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Unions Says Petition Drive Against Santa Monica New Minimum Law is Front for Political Conservatives

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By Niki Cervantes
Staff Writer

January 7, 2016 -- One of Santa Monica’s largest unions came out swinging Wednesday against a last-minute attempt to stop the union exemption in the City’s proposed new $15-an-hour minimum wage law, saying the drive is the work of political conservatives.

Unite Here Now Local 11 dismissed the signature drive by the new One Fair Wage Coalition as a “faceless conservative astroturf campaign.”

No “real community support” exists for it in Santa Monica, said Melanie Luthern, a political organizer and spokesperson for Local 11, which represents about 1,000 hotel and associated employees in Santa Monica.

“Clergy, elected officials, renters’ rights activists, former mayors, workers, environmental leaders, doctors, students and many more community members have all endorsed a comprehensive minimum wage with collective bargaining protection,” Luthern said.

The proposal to boost the minimum wage to $15-an-hour by 2020 goes to the Santa Monica City Council on Tuesday, which is expected to pass it over continuing protests from the local tourism sector, hotels and restaurants.

The law’s exemption of unions didn’t stir particular protest until the One Fair Wage Coalition popped up in late December, announcing that it had collected nearly 6,000 petition signatures in just a few weeks to end the exemption.

Ruben Gonzalez, a spokesperson, said the group became active after the Santa Monica City Council delayed action on September 29 to allow more time to study issues related to the minimum wage law.

Gonzalez declines to provide details on who is behind the creation of the coalition, or how much money it is willing to spend on the anti-exemption campaign. He is a former vice-president for the Los Angeles Chamber of Commerce and was active in the L.A. fight over the newly adopted 15-an-hour law there.

He says the group has sent direct mailers to 38,000 voter-occupied households in Santa Monica, has knocked on doors and posted UTube messages against the union exemption.

Both sides plan to make their case during the City Council’s meeting on Tuesday night.

“On Tuesday, the community of Santa Monica will be at City Hall to stand with workers, and at that time, we all welcome the opportunity to educate anyone who has been misled by this deceptive campaign,” Luthern said.

“When it comes to deciding who to trust on our minimum wage policy, our community has rightly sided with the people who will be impacted by the raise—the workers,” she said. “For that reason, collective bargaining protection, referred to as the "union exemption" by anti-worker pundits, is already included in the minimum wage. “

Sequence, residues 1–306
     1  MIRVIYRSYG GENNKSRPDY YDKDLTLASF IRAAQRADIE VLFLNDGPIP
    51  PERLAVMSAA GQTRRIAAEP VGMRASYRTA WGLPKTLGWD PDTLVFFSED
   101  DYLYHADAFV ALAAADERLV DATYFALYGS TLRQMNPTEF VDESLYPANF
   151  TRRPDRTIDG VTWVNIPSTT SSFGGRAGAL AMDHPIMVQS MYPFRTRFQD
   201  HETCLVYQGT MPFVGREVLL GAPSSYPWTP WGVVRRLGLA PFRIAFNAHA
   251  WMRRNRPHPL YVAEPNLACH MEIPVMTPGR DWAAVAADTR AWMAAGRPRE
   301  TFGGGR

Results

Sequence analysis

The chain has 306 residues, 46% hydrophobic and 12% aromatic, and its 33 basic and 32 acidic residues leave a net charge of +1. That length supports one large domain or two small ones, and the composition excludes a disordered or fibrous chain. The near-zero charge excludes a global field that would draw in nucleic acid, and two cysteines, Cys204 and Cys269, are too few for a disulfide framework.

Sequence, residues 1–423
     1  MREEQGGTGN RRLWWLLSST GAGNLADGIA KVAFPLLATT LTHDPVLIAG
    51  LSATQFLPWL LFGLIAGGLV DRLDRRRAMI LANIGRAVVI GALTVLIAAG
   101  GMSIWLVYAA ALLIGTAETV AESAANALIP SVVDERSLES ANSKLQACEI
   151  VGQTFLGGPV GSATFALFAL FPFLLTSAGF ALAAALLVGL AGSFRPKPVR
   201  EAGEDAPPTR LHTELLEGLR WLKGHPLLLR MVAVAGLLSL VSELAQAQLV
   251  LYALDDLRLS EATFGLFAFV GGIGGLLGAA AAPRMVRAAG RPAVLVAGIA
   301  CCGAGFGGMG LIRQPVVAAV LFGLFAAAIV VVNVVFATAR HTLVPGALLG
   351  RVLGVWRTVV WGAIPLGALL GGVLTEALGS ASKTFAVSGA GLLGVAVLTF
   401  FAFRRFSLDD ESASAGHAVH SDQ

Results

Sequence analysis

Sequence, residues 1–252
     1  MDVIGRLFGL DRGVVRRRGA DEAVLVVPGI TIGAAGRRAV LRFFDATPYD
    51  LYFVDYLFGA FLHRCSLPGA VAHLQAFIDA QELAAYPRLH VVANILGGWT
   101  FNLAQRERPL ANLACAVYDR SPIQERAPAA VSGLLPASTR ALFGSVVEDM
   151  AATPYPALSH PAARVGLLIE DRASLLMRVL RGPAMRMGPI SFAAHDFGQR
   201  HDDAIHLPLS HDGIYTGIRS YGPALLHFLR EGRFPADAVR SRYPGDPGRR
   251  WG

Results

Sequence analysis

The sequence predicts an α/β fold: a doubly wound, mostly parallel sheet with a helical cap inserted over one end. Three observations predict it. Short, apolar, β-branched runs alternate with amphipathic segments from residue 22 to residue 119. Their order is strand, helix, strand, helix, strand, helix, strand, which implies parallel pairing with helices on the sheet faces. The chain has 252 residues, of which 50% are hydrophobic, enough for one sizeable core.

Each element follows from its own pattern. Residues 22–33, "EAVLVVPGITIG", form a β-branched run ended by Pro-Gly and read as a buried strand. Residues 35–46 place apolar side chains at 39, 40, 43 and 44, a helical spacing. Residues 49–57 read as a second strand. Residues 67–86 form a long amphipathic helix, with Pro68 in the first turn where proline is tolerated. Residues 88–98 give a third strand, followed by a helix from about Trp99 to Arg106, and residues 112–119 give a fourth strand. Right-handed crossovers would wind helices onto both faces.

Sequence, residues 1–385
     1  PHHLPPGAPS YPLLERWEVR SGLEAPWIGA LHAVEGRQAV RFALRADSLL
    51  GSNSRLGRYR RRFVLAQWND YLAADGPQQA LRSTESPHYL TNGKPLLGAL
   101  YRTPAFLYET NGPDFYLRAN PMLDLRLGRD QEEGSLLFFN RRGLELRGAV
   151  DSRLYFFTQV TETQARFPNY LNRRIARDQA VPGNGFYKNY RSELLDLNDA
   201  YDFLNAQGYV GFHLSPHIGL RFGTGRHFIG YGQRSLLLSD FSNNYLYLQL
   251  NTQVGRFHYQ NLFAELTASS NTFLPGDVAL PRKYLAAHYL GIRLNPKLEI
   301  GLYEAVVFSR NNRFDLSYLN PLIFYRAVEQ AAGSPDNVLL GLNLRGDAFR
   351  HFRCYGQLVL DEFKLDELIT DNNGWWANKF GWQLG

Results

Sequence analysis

The One Fair Wage Coalition will present its signatures at that meeting, according to Gonzalez. He said on Wednesday that Local 11’s criticism of the group is incorrect.

“We have 6,000 people who have come out in support with their signatures,” he said. “And they are all local.”

Santa Monica’s new law is meant to match the higher minimum wage law adopted by the Los Angeles City Council this summer and another passed by the Los Angeles County Board of Supervisors a short time later in July.

In Los Angeles City, a last-minute battle over the exemption for employers of unionized workers erupted there as well, and the exception was subsequently eliminated.

County supervisors never included the union exemption for employees in unincorporated areas.

Local 11, one of the most active unions in Santa Monica, is mostly supportive of the proposed new law for a higher minimum in Santa Monica and the union exemption it includes.

In any case, members of the City Council say they always expected push back against the law and anticipate a business-backed referendum on the November ballot.

The fight puts organized labor in an awkward position: By rallying for the exemption, it gives the appearance of not supporting a higher wage for unionized workers, although labor leaders says the exception actually gives them a better chance of negotiation stronger collective bargaining packages for members.

Business leaders, meanwhile, accuse organized labor of pushing the exemption as a way to attract businesses who don’t want to pay the higher minimum wage, pumping up flagging membership in private-sector unions.

Local 11 has not provided specifics about the existing pay for its members, who are part of a sector that is mostly poorly paid and often not part of organized labor. The median U.S. salary for all hotel housekeepers is $9.21 an hour, according to Unite Here’s website.

By contrast, hourly wages for Unite Here hotel housekeepers range from $14 in Detroit to $16.27 in Los Angeles and $20.94 in Los Angeles. That does not include the health insurance and other benefits those workers are awarded as part of their collective bargaining agreements, the site says.

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